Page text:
The enemy of your enemy is your enemy. So Israeli Prime Minister Benjamin Netanyahu characterized the dilemma facing the United States in a Middle East descending into chaos and sectarian war where Washington finds itself straddling a dangerous religious-political divide.
The Obama administration is trying to negotiate a nuclear arms deal with Shiite Iran and fighting the Sunni Islamic State in Iraq, where Iranian-backed Shia militia have shouldered most of the ground combat in the assault to retake the city of Tikrit. But in Yemen, Washington has thrown in its lot with Saudi Arabia and other Sunni nations battling the Iranian-backed Houthis, a Shia sect. The Houthis overthrew a U.S.-friendly government and threaten American efforts to defeat al-Qaida in the Arabian Peninsula, which is the most dangerous faction of the Sunni terrorist organization that attacked the United States on Sept. 11, 2001.
If that’s got your head spinning, you’re not alone.
It’s not hard to understand why some Americans are starting to wonder what’s our stake in this bloody conflict, especially if it does turn into full scale war between Sunnis and Shiites, a minority among Muslims worldwide but the majority in what aims to be the most powerful state in the Middle East, Iran. How can the United States choose sides? Doing so, the argument goes, would expose Americans to a greater threat of terrorism. Why not just stand back and let Muslims fight it out?
Indeed, President Barack Obama came to office vowing to extricate America from the wars of the Middle East. Yet that policy — seeming like retreat to some — only made things worse. An ill-advised total U.S. troop withdrawal from Iraq undermined hopes of political reconciliation there and opened the way for the Islamic state. Now U.S. warplanes are bombing ISIS targets, and U.S. troops, albeit a small number, are back in Iraq. And in Afghanistan, Obama is trimming the sails of his troop-withdrawal strategy to avoid Iraq-like turmoil.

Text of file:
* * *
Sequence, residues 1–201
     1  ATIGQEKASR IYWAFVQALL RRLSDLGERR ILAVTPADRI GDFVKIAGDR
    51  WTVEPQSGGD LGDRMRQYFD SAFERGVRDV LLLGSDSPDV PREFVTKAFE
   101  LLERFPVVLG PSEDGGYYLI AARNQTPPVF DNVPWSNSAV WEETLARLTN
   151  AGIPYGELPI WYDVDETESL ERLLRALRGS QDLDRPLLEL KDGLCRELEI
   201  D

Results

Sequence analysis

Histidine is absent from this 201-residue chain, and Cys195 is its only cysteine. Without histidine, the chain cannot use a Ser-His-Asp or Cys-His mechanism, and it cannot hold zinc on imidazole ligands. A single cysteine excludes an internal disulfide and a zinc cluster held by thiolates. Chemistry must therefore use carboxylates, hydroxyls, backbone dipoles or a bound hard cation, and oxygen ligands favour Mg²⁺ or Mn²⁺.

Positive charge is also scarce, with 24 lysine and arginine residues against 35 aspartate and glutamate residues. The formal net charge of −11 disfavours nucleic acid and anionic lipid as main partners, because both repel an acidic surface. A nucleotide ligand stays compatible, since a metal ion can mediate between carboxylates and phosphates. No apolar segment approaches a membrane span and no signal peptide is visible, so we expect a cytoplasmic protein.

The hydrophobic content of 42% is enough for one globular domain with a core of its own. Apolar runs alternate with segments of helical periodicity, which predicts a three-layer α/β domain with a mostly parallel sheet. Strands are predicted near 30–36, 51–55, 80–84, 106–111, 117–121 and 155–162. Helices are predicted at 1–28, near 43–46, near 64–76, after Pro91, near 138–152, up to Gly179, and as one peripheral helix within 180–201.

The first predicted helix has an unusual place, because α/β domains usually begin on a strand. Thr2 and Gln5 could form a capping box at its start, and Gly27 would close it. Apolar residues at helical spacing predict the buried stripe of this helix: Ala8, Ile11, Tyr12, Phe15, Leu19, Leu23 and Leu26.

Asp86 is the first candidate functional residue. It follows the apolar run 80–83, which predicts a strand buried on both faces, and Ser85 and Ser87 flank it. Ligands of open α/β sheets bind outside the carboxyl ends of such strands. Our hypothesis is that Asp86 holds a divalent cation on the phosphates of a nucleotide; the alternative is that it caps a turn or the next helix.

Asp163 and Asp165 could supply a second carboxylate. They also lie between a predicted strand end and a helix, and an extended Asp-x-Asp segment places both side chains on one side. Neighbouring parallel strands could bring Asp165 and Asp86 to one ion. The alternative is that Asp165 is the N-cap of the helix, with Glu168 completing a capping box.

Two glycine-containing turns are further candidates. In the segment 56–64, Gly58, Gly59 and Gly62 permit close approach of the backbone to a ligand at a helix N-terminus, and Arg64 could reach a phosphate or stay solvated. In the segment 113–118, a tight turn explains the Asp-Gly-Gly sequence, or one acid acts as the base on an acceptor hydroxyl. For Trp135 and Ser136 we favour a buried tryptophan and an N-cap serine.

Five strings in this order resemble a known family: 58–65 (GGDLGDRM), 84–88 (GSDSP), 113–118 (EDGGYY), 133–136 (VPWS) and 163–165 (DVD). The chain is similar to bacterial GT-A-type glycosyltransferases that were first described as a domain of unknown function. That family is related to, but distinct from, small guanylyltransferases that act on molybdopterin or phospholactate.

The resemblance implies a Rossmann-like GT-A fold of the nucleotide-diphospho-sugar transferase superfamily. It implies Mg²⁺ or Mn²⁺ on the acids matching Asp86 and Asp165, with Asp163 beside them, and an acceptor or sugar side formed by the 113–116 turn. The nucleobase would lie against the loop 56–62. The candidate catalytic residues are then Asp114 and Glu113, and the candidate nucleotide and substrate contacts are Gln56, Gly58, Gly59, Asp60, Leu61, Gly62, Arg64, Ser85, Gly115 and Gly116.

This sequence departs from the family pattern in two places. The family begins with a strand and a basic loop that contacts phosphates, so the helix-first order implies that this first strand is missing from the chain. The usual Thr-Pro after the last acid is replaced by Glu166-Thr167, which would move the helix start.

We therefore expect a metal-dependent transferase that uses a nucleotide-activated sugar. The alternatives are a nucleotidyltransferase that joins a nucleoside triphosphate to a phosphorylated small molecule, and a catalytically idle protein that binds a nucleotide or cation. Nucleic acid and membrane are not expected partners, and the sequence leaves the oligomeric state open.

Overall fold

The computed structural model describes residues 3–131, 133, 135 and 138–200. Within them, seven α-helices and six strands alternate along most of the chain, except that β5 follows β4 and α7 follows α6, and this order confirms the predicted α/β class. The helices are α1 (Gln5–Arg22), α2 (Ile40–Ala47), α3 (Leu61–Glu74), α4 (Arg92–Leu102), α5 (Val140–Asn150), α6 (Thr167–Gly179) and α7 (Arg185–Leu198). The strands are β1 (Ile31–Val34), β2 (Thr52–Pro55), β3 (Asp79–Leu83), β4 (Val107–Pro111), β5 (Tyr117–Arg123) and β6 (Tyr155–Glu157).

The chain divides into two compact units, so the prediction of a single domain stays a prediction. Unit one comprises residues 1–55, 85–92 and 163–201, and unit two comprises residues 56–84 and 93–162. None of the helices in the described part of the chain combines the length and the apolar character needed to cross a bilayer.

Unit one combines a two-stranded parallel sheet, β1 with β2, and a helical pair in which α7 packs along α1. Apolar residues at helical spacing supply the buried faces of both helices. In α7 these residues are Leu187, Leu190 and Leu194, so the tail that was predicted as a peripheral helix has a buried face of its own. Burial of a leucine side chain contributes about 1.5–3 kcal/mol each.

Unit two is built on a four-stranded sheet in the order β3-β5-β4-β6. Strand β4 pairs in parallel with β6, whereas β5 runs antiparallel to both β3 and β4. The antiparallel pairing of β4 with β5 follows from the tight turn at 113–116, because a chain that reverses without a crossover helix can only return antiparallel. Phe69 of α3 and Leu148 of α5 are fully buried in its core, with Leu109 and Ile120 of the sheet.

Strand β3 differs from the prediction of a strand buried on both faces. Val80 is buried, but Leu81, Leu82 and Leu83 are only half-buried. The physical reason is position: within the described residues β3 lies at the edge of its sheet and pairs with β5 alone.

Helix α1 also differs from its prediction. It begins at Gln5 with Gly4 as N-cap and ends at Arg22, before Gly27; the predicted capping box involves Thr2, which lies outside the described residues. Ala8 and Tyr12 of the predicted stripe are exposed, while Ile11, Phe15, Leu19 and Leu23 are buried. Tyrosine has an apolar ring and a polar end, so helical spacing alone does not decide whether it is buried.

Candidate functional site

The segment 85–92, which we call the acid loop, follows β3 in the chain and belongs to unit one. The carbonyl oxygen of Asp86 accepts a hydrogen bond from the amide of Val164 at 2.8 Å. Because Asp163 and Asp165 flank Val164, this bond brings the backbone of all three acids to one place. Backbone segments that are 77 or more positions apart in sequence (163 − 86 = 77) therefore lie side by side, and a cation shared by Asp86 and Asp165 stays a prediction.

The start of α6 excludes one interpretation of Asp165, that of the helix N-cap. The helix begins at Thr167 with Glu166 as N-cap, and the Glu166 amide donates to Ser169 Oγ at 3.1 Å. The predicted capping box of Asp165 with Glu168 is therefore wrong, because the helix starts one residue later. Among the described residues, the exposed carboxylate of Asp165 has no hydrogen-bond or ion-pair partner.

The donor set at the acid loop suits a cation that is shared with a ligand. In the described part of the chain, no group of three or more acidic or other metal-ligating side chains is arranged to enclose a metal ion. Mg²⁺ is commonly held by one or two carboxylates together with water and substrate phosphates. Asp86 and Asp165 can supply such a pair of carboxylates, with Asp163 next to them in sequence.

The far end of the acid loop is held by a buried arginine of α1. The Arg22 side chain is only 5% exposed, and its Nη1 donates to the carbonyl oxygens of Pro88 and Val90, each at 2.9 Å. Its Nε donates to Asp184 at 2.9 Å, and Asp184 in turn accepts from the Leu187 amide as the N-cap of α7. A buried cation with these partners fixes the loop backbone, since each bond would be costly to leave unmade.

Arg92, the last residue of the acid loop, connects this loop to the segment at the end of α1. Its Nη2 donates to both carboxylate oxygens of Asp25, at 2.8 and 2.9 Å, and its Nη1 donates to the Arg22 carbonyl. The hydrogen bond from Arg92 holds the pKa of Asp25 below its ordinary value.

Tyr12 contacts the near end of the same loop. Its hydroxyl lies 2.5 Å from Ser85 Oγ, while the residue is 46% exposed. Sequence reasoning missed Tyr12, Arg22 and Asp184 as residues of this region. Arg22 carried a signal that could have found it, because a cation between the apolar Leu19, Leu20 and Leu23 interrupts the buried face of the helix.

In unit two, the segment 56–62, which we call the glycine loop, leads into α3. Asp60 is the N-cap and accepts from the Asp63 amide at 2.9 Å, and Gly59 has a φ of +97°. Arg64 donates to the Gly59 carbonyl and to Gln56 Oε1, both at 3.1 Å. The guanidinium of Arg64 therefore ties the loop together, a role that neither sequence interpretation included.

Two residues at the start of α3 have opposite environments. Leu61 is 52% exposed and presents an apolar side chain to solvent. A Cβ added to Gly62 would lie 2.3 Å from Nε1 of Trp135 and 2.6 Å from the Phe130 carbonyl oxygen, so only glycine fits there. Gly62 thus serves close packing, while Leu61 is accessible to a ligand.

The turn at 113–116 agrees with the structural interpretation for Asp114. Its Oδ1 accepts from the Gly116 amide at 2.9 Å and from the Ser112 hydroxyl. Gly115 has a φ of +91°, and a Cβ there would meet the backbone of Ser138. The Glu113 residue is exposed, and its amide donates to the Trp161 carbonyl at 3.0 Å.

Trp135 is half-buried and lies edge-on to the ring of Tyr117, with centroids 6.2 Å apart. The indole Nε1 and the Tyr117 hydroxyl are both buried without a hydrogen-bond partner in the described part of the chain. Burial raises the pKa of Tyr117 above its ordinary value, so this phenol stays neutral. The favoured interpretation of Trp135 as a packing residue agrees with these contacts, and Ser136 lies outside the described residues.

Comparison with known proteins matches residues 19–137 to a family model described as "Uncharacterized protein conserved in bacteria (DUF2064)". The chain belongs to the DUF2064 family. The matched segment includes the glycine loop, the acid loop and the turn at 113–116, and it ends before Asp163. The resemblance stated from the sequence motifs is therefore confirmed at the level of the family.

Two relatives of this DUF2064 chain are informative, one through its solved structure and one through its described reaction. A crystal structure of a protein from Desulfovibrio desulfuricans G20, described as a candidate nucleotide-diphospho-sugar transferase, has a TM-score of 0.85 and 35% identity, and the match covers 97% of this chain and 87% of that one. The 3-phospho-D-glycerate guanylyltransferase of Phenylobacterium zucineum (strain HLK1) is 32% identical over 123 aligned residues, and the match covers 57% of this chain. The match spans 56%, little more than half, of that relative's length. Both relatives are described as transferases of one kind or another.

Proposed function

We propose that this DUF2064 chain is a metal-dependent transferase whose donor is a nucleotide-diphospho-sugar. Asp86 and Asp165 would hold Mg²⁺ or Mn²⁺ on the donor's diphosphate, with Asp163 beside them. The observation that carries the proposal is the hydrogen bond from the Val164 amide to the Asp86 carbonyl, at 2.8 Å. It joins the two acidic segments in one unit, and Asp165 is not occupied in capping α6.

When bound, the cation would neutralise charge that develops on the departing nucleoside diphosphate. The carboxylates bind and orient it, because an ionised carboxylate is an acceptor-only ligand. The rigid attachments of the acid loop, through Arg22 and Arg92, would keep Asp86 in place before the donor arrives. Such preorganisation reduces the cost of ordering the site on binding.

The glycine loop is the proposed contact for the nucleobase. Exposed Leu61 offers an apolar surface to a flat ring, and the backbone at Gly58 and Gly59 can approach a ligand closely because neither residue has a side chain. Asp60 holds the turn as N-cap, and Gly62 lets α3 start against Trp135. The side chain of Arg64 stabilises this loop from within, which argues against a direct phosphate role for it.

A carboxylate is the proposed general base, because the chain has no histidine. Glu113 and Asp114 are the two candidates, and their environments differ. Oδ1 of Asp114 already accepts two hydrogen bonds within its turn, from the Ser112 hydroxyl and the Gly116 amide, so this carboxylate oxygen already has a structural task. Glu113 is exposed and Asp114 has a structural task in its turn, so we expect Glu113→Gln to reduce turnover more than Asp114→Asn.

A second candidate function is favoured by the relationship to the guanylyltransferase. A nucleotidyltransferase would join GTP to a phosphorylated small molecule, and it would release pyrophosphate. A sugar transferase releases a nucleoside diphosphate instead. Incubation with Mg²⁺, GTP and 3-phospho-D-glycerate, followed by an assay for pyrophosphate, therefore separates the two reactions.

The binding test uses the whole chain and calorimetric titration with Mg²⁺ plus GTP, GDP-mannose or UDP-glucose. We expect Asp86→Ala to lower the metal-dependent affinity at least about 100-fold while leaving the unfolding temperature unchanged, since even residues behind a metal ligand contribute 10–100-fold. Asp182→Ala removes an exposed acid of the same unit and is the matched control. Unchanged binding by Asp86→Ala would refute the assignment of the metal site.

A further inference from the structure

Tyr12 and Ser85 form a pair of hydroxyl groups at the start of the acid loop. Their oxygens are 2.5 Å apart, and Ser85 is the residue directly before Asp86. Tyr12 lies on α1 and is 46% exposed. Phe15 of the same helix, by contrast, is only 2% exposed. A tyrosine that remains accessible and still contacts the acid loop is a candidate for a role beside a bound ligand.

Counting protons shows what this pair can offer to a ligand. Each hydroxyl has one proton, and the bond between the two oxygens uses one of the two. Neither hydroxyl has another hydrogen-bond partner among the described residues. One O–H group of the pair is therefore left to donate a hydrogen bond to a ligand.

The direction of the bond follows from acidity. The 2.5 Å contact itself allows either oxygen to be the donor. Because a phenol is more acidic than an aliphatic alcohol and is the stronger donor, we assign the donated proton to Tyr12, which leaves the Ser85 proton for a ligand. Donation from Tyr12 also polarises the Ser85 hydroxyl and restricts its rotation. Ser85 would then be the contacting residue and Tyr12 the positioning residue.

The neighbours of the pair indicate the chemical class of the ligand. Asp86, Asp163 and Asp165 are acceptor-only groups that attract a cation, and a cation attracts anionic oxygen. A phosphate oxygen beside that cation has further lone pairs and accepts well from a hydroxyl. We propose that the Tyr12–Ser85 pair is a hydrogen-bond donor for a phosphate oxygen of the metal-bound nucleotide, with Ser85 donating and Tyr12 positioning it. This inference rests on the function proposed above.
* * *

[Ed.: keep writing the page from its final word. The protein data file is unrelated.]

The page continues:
As he navigates ever-changing dynamics, Obama is being criticized for not having a grand strategy for what may possibly be the beginning of Islam’s version of the religious wars of Christianity that wracked Europe of the 16th and 17th centuries.
Lacking such an encompassing blueprint, the president seems to be trying to chart these troubled waters with tactics of the moment, reacting to events as they arise.
That might be the right approach, perhaps the only feasible one. After all, how can the United States hope to tame the forces unleashed by the so-called Arab Spring and contain religious animosities centuries old?
But Obama is haunted by his own missteps that have led to distrust in the region. Arab leaders may not like Israel, but they are not reassured when they see Washington back away from its strongest ally in the Middle East. Furthermore, these tradition-bound potentates are troubled by the coolness Obama shows the new authoritarian ruler in Egypt, who replaced the radical Muslim Brotherhood regime that Obama did support.
More distressing, even alarming, to Saudi Arabia, Egypt and the Sunni Gulf states are the nuclear negotiations with Iran. They worry that Obama sees Iran as the emerging great power in the region, that the negotiations will confirm that status, that the courting of Iran makes it more aggressive in its hegemonic goals, and that a bad deal appears in the making to leave Tehran on the path to a nuclear weapon.
In 2009 Obama gambled his personal history, his rejection of the anti-terrorist worldview of President George W. Bush and his eager outreach to the Muslim world would pay off with something like a peace dividend for the United States. But that world was more complex than he realized, seething with religious passions, not at ease with modernity, suspicious of any change in the status quo, and not ready for Obama’s grand vision.